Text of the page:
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5 Ways People Prevent Themselves From Learning To Play Guitar - And How To Avoid Them

Being a guitar teacher gives me the advantage of being able to talk to people from many backgrounds. These people have different likes, dislikes and dreams. One thing that many people have in common are the reasons they have for not doing things. In this case that thing would learning how to play guitar. This article is going to look at 5 barriers people put up to stop themselves from learning to play guitar. 

As you read through the article ask yourself if you have had any of these same thoughts? If you have, you aren't alone. One thing that you will see is that you don't have to continue feeling this way. 

#1 - Time - I'm too busy right now

It doesn't matter who you are, we all have the exact same amount of time in each day- 24 hours. Another thing to consider is that we all make time for the things that are important to us, no matter what it is. We also will make excuses to justify putting off the things that do not matter as much to us. Does learning to play guitar matter enough to you to put in the time to learn? If you answered yes then you have taken the first step. After making that determination you will find it very easy to make time to learn to play guitar. 

Most of the time, when people answer no they do so because they are afraid that they won't be good enough. Saying that they don't have they time to learn makes them feel better about not attempting to play guitar.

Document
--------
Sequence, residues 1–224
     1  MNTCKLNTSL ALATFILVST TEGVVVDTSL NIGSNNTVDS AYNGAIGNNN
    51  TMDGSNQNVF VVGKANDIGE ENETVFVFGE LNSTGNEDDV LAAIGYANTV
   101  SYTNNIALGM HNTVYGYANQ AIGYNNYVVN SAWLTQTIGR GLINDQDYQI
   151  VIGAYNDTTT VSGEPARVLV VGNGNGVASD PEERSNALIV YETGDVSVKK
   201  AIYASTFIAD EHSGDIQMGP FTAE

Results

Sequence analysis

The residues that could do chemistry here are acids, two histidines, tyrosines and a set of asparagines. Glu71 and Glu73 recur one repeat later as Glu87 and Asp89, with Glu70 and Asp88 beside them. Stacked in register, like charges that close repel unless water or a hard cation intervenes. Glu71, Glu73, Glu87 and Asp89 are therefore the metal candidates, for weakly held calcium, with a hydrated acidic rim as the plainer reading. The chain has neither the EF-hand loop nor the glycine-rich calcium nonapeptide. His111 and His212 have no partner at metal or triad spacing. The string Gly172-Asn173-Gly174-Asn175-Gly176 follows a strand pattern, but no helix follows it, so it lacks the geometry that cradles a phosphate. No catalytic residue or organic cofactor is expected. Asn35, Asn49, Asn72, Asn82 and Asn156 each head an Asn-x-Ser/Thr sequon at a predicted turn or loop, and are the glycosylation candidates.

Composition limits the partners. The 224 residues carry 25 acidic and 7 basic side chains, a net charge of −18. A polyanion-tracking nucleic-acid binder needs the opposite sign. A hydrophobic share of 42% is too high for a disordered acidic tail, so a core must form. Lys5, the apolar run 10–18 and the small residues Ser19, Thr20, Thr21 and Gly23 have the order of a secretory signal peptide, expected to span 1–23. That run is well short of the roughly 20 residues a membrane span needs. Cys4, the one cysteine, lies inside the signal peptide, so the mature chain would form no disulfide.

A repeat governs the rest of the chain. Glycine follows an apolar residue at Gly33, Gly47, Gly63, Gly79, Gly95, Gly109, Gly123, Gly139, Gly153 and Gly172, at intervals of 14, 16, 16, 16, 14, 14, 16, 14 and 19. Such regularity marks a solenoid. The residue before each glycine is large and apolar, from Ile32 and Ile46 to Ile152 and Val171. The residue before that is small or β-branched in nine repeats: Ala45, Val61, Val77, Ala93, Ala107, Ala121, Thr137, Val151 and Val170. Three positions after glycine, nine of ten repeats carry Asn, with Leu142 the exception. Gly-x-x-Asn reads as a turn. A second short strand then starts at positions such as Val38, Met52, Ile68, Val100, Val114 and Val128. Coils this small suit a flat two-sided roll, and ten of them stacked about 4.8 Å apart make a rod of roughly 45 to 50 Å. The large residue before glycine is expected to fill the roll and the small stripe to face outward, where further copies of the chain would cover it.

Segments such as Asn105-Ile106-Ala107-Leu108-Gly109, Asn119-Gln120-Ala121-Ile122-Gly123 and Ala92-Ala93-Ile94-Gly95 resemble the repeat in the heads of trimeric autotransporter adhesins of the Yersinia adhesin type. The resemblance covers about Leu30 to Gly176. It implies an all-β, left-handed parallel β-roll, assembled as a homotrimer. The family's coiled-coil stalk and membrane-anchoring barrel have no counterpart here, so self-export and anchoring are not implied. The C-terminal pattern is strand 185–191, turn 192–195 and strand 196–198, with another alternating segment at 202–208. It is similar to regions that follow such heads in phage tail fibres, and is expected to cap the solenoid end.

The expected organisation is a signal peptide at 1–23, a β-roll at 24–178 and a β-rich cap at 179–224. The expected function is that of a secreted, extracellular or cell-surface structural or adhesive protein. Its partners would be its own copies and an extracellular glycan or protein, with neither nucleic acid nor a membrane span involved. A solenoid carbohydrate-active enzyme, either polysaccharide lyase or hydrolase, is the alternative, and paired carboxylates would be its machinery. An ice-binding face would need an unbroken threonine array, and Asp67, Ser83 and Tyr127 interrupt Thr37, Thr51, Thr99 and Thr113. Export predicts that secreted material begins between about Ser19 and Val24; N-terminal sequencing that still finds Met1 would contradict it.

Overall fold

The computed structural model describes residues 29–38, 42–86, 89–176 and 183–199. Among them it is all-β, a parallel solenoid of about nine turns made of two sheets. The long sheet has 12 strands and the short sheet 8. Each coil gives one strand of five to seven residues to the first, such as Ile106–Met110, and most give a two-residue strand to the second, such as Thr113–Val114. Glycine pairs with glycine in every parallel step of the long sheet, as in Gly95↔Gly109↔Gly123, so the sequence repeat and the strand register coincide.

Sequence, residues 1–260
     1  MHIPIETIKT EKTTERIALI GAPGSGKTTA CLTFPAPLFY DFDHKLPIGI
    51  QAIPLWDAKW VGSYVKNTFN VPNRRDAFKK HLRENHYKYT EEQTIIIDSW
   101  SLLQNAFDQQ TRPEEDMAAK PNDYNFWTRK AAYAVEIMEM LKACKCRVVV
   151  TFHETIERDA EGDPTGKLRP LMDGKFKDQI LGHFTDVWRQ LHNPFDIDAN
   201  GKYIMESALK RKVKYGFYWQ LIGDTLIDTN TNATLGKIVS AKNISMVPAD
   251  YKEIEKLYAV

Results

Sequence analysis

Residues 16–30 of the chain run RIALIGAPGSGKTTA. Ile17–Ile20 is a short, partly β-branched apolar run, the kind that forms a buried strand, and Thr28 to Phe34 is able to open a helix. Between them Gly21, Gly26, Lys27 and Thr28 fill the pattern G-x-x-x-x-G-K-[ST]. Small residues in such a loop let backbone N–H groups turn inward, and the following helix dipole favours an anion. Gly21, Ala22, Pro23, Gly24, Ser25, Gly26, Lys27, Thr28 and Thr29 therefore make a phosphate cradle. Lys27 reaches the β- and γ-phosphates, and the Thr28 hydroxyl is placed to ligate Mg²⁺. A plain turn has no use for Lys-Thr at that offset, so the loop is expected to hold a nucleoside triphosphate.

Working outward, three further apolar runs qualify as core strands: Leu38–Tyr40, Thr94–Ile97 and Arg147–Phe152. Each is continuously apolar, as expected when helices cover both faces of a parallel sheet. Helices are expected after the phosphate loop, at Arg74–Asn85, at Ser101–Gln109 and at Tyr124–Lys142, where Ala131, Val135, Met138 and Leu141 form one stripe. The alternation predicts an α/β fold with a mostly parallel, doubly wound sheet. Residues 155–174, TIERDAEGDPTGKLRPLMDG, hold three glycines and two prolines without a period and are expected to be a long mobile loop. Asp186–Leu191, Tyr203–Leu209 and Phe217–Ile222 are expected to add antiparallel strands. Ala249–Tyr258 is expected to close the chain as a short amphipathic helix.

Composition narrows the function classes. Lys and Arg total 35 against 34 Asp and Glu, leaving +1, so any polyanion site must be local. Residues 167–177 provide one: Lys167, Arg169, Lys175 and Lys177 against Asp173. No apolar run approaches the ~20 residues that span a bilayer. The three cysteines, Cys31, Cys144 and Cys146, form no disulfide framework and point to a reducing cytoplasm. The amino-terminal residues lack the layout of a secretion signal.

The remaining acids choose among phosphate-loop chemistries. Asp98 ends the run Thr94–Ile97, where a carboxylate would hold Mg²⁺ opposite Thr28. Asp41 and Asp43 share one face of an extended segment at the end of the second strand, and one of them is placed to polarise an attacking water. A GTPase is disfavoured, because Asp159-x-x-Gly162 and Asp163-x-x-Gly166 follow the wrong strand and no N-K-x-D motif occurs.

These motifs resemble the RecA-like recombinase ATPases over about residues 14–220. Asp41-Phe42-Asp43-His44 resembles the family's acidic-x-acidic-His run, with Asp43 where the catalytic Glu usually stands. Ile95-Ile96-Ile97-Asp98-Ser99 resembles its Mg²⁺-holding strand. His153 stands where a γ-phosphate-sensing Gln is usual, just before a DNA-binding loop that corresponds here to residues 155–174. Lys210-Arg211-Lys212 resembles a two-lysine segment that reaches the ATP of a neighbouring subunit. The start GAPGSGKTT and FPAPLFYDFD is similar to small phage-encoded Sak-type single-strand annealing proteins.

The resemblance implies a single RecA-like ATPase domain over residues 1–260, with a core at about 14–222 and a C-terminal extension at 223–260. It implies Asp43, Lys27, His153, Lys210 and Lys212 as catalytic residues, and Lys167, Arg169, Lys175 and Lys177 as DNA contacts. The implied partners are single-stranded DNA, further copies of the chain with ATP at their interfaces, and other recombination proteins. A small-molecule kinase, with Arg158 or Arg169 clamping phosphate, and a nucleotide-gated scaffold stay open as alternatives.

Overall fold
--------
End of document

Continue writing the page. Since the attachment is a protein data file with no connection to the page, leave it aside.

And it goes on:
In reality there is nothing to be afraid of. Nobody starts out as a great guitar player. Getting to that point is a process and there is no shortcut to get there. You have to put the time in to get to where you want to go. The good news is that this is definitely something that you can do. 

#2 - I'm not naturally talented / I'm not musical

It is true that some people will learn faster than others. It doesn't mean that others can't learn too. Nobody is born a great guitar player. Playing guitar is a skill, Like any other skill, that you have to learn and practice. It doesn't matter who you are, you can learn and develop the skills you need to play the music that you want to play. Working with a qualified guitar teacher and your practice habits will develop your mucial talent. 

Think about this another way. What would you say to someone who said they can't get a driver's license because they aren't a natural born driver? How about someone who never learned to read because they werent a natural born reader? Sounds pretty silly right? Neither are skills that anyone is born with. We all have to learn how to do those things. Guitar is no different. 

#3 - I have small hands

 I have heard this one a lot over the years. The truth is that having small hands has advantages and disadvantages. It has no determination on whether you can play guitar or not. Having small hands might prevent you from being able to palm a basketball. Yet it won't stop you from being able to play basketball. The size of your hands doesn't matter. 

#4 - I have large hands

The other side of the coin is that people think that their hands are too big to play guitar. This is also not true. Like having small hands - there are advantages and disadvantages. It alone will not determine whether you can play guitar or not. To use a different version of the reasoning from above. If your hands are big enough to palm a basketball, it doesn't mean that you are now able to play basketball.